Off-campus student waste poses problem for town
According to Hanover town manager Julia Griffin, if she were renting out apartments, she would be hesitant to rent to Dartmouth students because many of them “do not respect other people’s property.”
Every year, the town deals with dozens of complaints from Hanover residents about improper waste disposal by students living off-campus, Hanover Fire Marshal and deputy fire chief Michael Hinsley said. However, the number of complaints varies significantly from year to year, Hinsley added.
Students’ improper trash disposal has left neighbors furious because the odor and sight of garbage has invited bears into the Hanover area, according to Griffin.
Students tend to dump their trash out by the curb, leaving it for days without securing or covering it, Griffin said. Hinsley echoed a similar sentiment, emphasizing that it is important for students to put their garbage in a dumpster because otherwise the waste collectors will not collect their trash and it will accumulate.
Kish Consulting & Contracting owner Jolin Kish ’88 Th’91, whose company provides rental housing to several hundred students within a five-mile radius of its Hanover office, said her company has decided to provide its own trash service in response to students’ improper trash disposal, as the previous system was ineffective for her tenants.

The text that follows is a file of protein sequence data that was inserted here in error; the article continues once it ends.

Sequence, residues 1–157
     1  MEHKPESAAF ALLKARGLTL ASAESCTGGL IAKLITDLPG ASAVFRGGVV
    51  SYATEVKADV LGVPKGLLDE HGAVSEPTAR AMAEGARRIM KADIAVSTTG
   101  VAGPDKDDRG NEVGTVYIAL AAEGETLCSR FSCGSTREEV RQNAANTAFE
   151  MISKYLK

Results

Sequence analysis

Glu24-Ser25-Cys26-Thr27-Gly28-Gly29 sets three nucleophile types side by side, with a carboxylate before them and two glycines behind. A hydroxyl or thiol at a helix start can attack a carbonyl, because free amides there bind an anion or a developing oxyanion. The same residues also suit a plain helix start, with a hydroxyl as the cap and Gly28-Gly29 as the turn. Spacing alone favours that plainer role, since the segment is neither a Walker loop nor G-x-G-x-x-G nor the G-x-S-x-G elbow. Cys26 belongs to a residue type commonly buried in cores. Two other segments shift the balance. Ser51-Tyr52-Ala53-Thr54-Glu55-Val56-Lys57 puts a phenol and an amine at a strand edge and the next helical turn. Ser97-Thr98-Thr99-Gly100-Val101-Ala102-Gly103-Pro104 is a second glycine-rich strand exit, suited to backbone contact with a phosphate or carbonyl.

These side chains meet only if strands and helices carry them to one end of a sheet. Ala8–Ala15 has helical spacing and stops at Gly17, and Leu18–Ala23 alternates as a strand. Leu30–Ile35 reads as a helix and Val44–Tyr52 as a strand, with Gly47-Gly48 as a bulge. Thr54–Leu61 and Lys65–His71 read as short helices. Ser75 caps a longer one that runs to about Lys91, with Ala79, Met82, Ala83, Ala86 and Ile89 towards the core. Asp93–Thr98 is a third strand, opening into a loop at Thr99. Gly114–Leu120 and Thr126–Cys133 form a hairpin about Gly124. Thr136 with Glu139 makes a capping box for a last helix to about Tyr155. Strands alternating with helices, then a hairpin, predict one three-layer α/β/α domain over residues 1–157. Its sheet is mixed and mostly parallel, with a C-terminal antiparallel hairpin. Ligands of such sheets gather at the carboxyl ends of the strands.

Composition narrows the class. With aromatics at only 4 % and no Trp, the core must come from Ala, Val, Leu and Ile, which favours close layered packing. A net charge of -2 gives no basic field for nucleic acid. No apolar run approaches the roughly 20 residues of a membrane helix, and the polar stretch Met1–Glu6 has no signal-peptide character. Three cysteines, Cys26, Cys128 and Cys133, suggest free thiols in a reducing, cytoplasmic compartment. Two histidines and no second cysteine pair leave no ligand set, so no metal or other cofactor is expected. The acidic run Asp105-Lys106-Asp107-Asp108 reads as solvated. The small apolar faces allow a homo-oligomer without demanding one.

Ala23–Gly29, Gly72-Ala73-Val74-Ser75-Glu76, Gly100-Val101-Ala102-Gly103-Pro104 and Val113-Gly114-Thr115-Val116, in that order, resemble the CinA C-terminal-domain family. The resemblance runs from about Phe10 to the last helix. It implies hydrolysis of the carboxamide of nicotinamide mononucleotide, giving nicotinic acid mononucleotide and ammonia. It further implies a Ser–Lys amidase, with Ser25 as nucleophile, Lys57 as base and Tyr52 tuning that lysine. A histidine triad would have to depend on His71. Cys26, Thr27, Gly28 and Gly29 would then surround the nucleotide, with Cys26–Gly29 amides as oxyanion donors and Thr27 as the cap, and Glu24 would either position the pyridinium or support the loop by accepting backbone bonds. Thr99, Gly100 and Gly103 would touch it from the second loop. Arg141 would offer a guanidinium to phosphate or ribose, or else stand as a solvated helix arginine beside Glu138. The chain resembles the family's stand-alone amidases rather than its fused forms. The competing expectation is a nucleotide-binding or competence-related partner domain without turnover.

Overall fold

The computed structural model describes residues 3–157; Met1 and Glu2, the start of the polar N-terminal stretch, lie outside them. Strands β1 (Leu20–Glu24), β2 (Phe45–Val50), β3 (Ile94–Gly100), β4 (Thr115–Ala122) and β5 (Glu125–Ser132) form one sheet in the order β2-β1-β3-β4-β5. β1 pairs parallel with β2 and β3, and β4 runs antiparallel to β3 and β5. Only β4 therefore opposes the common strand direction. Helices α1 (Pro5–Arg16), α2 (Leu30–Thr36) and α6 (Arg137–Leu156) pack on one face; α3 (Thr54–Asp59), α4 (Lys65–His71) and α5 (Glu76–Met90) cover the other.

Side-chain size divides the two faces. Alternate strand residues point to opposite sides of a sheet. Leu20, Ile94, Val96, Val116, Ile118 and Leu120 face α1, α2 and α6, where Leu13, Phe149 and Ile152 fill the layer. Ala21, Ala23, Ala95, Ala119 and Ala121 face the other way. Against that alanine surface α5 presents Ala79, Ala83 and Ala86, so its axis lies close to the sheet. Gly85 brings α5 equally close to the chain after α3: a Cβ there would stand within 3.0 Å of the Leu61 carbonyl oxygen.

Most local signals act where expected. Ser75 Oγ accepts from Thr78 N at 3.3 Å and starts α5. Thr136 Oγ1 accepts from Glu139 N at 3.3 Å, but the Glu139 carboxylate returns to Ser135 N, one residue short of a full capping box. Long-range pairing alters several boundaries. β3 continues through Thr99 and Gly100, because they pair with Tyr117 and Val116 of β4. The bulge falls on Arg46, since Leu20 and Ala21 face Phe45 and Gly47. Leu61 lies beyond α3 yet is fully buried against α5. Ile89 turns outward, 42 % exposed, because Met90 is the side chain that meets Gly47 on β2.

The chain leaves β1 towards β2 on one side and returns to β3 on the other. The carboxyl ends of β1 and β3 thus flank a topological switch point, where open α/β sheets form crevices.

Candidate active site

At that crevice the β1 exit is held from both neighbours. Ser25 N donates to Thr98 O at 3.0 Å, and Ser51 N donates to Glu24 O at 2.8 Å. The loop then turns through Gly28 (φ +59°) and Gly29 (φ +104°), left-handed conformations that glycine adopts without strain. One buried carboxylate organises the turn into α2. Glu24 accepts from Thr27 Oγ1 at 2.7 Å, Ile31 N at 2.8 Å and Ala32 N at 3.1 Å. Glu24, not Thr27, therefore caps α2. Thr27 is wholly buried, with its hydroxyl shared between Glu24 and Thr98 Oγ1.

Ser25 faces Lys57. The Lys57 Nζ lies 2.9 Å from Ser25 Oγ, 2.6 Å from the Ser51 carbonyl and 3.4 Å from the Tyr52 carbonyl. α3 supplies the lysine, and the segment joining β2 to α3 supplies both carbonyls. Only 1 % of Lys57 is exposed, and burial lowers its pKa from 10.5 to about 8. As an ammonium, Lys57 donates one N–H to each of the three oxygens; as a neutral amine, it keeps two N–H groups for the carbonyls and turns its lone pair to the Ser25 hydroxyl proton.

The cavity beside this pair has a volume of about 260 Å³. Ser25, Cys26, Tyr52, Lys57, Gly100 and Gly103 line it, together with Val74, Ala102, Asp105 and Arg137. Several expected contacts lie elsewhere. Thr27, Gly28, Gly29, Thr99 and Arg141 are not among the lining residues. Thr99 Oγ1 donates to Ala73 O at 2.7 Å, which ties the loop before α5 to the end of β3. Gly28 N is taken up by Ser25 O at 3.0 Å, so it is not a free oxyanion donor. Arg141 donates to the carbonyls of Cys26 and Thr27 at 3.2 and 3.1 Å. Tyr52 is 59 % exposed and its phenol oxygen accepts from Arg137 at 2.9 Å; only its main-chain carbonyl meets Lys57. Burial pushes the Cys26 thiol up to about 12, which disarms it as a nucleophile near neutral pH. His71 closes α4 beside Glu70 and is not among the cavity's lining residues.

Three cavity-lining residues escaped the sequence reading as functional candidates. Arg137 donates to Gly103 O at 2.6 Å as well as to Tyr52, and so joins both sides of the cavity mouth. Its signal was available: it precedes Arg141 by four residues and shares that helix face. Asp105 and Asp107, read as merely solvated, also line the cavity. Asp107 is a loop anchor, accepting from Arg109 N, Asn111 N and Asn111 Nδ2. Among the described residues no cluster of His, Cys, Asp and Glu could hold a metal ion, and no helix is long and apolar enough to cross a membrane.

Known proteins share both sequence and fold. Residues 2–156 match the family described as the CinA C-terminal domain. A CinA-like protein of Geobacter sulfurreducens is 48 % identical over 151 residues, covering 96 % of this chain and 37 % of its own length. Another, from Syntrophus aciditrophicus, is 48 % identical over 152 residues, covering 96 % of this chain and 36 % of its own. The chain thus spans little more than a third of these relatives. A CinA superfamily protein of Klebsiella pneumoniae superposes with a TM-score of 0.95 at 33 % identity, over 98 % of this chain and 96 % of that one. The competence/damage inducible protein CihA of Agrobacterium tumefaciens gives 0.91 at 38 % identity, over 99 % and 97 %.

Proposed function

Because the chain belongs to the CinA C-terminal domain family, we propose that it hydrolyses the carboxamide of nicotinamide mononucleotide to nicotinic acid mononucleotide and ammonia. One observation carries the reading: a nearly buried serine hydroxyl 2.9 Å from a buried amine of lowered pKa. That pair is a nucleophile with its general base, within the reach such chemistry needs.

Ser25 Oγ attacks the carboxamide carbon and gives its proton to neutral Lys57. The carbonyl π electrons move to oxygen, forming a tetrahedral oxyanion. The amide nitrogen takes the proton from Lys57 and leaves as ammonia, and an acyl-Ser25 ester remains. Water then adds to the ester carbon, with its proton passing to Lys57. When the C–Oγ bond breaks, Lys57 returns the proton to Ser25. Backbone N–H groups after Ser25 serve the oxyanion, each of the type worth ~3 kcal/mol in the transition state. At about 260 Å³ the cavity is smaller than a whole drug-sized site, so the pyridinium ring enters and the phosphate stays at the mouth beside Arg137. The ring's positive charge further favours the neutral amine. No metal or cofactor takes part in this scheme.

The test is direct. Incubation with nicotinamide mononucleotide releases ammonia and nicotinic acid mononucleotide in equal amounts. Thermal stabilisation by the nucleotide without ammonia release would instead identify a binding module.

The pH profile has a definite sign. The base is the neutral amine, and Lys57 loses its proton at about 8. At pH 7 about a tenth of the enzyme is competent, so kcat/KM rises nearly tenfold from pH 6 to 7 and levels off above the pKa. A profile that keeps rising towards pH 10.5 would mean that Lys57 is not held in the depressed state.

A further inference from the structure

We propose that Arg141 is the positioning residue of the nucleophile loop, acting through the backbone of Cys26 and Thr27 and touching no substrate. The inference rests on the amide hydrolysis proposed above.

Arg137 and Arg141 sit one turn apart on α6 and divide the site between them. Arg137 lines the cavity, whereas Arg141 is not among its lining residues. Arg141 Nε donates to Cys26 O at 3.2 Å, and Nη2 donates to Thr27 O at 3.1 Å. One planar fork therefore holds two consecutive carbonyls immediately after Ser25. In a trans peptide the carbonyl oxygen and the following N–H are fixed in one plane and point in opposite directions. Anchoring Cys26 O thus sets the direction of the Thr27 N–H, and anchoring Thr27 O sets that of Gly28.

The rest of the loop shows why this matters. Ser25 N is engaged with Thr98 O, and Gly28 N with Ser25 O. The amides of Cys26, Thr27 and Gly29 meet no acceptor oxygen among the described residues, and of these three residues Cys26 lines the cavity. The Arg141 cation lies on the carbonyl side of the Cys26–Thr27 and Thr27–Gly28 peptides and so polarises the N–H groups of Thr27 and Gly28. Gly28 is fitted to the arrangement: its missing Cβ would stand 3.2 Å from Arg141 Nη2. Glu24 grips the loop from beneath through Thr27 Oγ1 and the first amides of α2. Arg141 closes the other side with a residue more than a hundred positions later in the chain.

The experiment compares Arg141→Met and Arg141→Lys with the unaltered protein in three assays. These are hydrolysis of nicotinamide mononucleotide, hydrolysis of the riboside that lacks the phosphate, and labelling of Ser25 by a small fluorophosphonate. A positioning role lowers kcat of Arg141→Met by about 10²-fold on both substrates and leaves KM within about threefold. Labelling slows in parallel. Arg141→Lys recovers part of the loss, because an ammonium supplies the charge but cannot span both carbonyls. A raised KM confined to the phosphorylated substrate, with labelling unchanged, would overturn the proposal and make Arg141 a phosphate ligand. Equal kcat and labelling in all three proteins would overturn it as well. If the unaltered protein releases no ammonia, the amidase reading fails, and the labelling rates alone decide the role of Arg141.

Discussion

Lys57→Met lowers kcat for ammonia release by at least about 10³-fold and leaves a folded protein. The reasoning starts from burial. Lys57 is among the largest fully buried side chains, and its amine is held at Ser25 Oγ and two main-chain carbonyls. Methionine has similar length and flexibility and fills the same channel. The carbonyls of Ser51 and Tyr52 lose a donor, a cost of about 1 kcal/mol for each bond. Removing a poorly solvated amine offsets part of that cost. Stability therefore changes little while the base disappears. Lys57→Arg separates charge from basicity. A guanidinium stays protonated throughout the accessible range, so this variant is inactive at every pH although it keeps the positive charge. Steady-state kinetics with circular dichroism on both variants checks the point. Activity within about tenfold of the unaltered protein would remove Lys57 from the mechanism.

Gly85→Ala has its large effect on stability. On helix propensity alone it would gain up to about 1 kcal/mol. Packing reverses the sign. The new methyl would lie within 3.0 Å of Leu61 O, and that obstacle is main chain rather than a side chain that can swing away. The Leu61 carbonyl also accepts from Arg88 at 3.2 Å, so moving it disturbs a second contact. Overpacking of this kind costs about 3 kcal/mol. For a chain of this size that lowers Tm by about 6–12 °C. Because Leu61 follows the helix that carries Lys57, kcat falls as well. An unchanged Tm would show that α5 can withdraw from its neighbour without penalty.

“If we hire a company to pick up trash, they expect the tenants to put the trash at the curb on the right day at [a] ridiculously early hour of the morning, then take the empty trash barrel and put it back [behind the rental],” Kish said. “And we found less than 1 percent of students did that.”
Kish and her employees now drive to students’ rentals and empty their trash barrels. As a result, students do not have to move their barrels in front of and behind their rental at a certain time every week.
However, Kish said there are several students who do not even put their trash in the trash barrel. The company sends them a stern email and later contacts their parents if their actions continue.
Kish also requires her tenants to attend an orientation at her house when they first rent from her, during which she discusses proper garbage disposal, the noise ordinance and good neighbor behavior.
Jenny Seong ’16 GR’18, who has rented a house on Maple Street from Kish Consulting & Contracting since last fall, said the company’s rules are relatively strict, but its training programs like the orientation meeting have helped her properly dispose her garbage.
Stacey Lee ’17, who lives on campus, said the relative ease with which Dartmouth students dispose of their trash when living on campus may make them accustomed to a convenient lifestyle.
“I do feel like Dartmouth students are taken care of by custodians,” Lee said. “We never really have to take care of our trash because we throw it out in front of our dorm and it is just gone.”
Hinsley said it is paramount that students be consistently educated about off-campus housing regulations and expectations. Many Hanover residents do not know that there could be different students occupying the same house every term, so they might believe that students are ignoring their complaints, Hinsley added.
Hinsley emphasized that Dartmouth students are not malicious. When asked to properly dispose of their trash, they tend to be responsive and cooperative, he said. However, he added that students need to be more aware that they take on greater responsibility when living off-campus.
“As important as it is to learn about Copernicus or poetry or global politics, personal responsibility is important too,” Hinsley said. “And a lot of that is being self-aware, being aware of your surroundings and of your neighbors.”